#Thyroid Hormone Therapy and Incident #Stroke

Stroke is a leading cause of death and disability and there is a need to identify modifiable risk factors.

Objective
Determine the relationship between thyroid hormone treatment intensity and incidence of atrial fibrillation and stroke.

Design
Retrospective cohort study using data from the Veterans Health Administration between 2004 and 2017, with a median follow-up of 59 months.

Setting
Population-based.

Participants
733,208 thyroid hormone users aged β‰₯18 years with at least two thyroid stimulating hormone (TSH) measurements between thyroid hormone initiation and incident event or study conclusion (406,030 thyroid hormone users with at least two free T4 measurements).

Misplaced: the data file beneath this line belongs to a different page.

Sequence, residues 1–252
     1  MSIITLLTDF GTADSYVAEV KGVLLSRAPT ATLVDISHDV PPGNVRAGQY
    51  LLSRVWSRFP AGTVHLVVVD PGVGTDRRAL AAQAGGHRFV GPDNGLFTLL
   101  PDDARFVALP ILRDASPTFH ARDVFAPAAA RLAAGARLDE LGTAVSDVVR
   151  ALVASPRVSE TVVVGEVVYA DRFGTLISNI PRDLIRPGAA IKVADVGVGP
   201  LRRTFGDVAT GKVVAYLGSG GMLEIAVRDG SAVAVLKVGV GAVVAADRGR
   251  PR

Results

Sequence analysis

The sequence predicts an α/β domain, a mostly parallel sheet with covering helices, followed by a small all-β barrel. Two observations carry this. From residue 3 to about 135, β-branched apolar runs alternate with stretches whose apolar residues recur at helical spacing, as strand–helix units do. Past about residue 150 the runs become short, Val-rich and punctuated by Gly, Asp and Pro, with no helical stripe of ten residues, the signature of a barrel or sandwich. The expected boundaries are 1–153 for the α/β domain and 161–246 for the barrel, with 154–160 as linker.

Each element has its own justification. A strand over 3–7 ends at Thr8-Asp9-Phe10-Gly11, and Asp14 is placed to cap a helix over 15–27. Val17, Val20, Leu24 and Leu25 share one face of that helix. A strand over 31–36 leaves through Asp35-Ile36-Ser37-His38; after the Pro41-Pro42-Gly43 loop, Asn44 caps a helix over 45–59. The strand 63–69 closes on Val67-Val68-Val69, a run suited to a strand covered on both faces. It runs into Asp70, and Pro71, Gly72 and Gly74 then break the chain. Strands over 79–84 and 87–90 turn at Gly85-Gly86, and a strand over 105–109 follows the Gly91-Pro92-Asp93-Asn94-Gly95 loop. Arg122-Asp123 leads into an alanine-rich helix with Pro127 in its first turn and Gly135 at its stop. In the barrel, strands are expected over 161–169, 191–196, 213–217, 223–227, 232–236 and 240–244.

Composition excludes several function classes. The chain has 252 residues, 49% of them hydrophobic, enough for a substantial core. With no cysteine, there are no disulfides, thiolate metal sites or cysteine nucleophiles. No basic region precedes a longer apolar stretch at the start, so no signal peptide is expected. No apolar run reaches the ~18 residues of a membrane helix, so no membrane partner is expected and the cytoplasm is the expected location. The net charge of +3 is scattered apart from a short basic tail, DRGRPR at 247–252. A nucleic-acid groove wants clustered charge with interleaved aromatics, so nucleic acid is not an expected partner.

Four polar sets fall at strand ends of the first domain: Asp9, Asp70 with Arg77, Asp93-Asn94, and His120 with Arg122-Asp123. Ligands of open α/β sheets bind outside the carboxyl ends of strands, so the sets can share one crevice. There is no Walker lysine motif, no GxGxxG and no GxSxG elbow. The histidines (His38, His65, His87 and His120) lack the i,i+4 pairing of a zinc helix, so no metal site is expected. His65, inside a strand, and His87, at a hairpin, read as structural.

Main Outcome Measures
Incident atrial fibrillation and stroke.

Results
Overall, 71,333/643,687 (11.08%) participants developed incident atrial fibrillation and 41,931/663,809 (6.32%) stroke. In multivariable analyses controlling for pertinent factors such as age, sex and prior history of atrial fibrillation, low TSH or high free T4 levels (i.e., exogenous hyperthyroidism; e.g., TSH5.5 mIU/L, OR 1.29, 95% CI 1.26-1.33; free T40.5-5.5 mIU/L and free T4 0.7-1.9 ng/dL). Risk of developing atrial fibrillation and stroke was cumulative over time for both patients with exogenous hyperthyroidism and hypothyroidism.

Conclusions
Both exogenous hyper- and hypothyroidism were associated with increased risk of stroke, highlighting the importance of patient medication safety

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